And if there's a better drama on network TV than THE GOOD WIFE, I've yet to see it. Compellingly plotted, strong scripts, and sharp performances, make this show a must-see of the new TV season.
The tree on the left is a Pluot, and the other is a multi-grafted Pear with five different varieties. Both are dwarf trees, and they are not supposed to grow all that much.
Finally got two fruit trees planted on Saturday--a pear and pluot that I bought early spring before last, have been getting root-bound in pots on my patio. They are in the ground not a moment too soon. The rains returned yesterday and it looks as though we've had the shortest summer in memory. All my cherry tomatoes are ready to ripen and there are dozens and dozens on the cusp of being picked. I'm told the rains will go away by the end of the book, which means, wet, wet, wet for five days in a row.
I'm determined to get my garden prepared for winter, unlike last year, where it snuck up on me. I still have plants to get into the ground, and it's time to get it done. A poorly prepared winter garden means a bigger mess in the spring. I've got more tulip bulbs that need to be planted. All the hostas and much of the green plants will have to be trimmed off, their leaves discarded for the winter. I loved the hot weather an it seems too soon to have it be cold and rainy again.
I think I'm the last person to see BRIDESMAIDS, which is a funny, if tasteless girl buddy movie. It show the women are prepared to go toe-to-toe with men in gross-out situations, though I suspect men have a more natural ability to sink to that level than women do. Still, I thought this was a hilarious movie.
Been cooking at home. My friend John Baker doesn't like to cook, and he insisted on setting up this situation where I cook meals here (usually on Saturdays or Sundays. We also go out a lot, and he insists on picking up the tabs for those nights out. Sunday I found some nice pork cutlets at New Seasons market, and as my herb garden has a large area of sage, I decided to adapt Veal Saltimbocca using the pork cutlets. The inspiration comes from Frank Crispo, owner/chef of his own fabulous Italian restaurant on 14th Street in New York. Frank uses veal, of course in the classic Roman manner, but he cuts the veal from the leg in thicker slices, and I think the dish is better for it. Pork has far more flavor than veal, which requires everything around it for flavor. I didn't bother pounding them, simply affixed sage leaves and prosciutto to each cutlet, dredged them in flour, with salt and pepper, and sauteed them for a few minutes on each side. I deglazed the pan with white wine, added a pat of butter and poured it over the meat. Delicious.
Greek-style lamb burger with tzadziki sauce, and a thick slice of summer tomato. The corn saute has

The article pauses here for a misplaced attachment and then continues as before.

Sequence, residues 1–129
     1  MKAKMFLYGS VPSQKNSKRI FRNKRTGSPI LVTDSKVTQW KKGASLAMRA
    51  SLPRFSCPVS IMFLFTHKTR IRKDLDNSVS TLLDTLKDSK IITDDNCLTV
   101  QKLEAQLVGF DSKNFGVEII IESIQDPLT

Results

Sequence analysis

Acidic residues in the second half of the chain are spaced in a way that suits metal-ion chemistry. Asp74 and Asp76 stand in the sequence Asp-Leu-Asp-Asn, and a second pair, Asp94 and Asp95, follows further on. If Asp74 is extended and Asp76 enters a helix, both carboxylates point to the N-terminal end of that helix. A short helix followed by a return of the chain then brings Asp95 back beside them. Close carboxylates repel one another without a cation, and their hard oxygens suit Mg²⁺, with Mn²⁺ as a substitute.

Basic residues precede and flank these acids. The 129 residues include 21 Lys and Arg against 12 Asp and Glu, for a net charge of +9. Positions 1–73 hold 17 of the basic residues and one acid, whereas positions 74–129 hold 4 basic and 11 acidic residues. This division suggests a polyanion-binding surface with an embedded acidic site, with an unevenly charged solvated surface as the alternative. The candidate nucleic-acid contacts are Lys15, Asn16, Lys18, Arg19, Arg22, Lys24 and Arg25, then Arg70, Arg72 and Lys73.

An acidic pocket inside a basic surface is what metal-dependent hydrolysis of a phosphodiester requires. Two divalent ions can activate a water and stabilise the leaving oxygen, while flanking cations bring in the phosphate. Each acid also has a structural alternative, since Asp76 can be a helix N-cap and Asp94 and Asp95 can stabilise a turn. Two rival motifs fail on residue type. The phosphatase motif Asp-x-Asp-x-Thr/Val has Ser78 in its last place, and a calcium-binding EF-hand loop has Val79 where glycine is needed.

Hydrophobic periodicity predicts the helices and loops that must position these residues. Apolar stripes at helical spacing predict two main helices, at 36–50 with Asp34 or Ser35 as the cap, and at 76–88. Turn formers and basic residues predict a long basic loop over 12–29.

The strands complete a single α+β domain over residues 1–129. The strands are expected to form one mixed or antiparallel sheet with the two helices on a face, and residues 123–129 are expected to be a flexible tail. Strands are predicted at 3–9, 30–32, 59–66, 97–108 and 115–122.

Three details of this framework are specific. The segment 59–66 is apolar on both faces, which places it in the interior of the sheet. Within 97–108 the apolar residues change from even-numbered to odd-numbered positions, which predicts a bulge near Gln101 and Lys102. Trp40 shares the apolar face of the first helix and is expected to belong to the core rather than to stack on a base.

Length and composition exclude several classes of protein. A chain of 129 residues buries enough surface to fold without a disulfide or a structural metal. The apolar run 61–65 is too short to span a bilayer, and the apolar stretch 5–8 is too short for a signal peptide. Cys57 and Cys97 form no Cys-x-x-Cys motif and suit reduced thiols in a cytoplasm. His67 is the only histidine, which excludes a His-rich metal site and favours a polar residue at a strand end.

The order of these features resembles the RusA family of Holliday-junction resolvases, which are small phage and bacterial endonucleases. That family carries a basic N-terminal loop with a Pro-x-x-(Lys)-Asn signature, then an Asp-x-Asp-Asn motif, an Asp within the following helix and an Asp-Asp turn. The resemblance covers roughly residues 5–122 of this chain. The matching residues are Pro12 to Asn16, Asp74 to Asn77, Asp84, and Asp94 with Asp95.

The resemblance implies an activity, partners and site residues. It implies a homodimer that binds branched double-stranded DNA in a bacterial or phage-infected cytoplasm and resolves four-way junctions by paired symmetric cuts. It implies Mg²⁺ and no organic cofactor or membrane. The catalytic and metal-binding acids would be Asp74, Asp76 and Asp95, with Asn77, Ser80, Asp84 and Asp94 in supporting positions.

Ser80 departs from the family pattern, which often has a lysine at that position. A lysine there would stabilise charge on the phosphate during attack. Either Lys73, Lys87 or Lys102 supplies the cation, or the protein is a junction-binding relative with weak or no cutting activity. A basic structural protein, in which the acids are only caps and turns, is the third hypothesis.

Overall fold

red pepper, scallions and basil in it.
These days with the cost of lamb and beef through the roof, I indulge in more pork, chicken and fish. Salmon is very abundant here. I bought some ground lamb recently for a Greek-style burger with feta cheese, but even ground lamb is one cent shy of $7 a pound! Ditto ground veal. I don't see much veal in the markets these days. Flank steak is $13 a pound; skirt steak is $12! So I buy beef only on sale. In any event, a solo Saturday dinner included this handsome lamb burger with saute of summer-fresh corn with scallions and basil.
An inspired salad, made at home.
Another good use for pork is this salad of sliced grilled pork tenderloin, potatoes, avocado, cherry tomatoes (from my garden), cucumber and butter lettuce. It's an adaptation of a recipe that had only the pork and potatoes in it with some arugula, and a really bad salad dressing that was too sweet. I jettisoned the bad dressing and used my own mustard vinaigrette. Instead of boiling or steaming the potatoes, I roasted them. Much better. This is a salad for company.
I'm reading Claudia Roden's brand-new THE FOOD OF SPAIN (Ecco), and I think hands down, it is the best cookbook of the year. I love her work, but this book may be the peak of her long and very distinguished career. This is the big over-view of Spanish cooking that we've long been seeking. It doesn't displace THE FOODS & WINES OF SPAIN, Penelope Casas's fine 1982 work, or Anya von Bremzen's more recent THE NEW SPANISH TABLE. This new book is a far bigger work. It too branches all over the country by region. The photographs are beautiful. The history is fascinating and the recipes feature Roden's fine detail and eye.
I don't suppose there will be much competition in the Democratic ranks for the next election. I guess President Obama thinks he can win it. Meanwhile over on the right, I'm beginning to see that the extremism amongst the Repug candidates is telling me that maybe Mitt Romney has a chance--not that I'll vote for him. If President Obama is the party's choice, I'll fall in line, but I'm pretty disappointed in his inability to connect with the middle class that put him in office. And the Repug alternatives are unthinkable. As the country slips further and further into a kind of Third World oligarchy mindset, I'm finding all politicians on both sides of the aisle as unappealing and anger-inducing as they ever were and there's no end to the political insanity that has overtaken us. Obama's inability to execute the vision he promised in the last election just seems a more bitter pill to swallow.
My mother at 80 is finally on the Internet. She has an email account. Never thought I'd see that!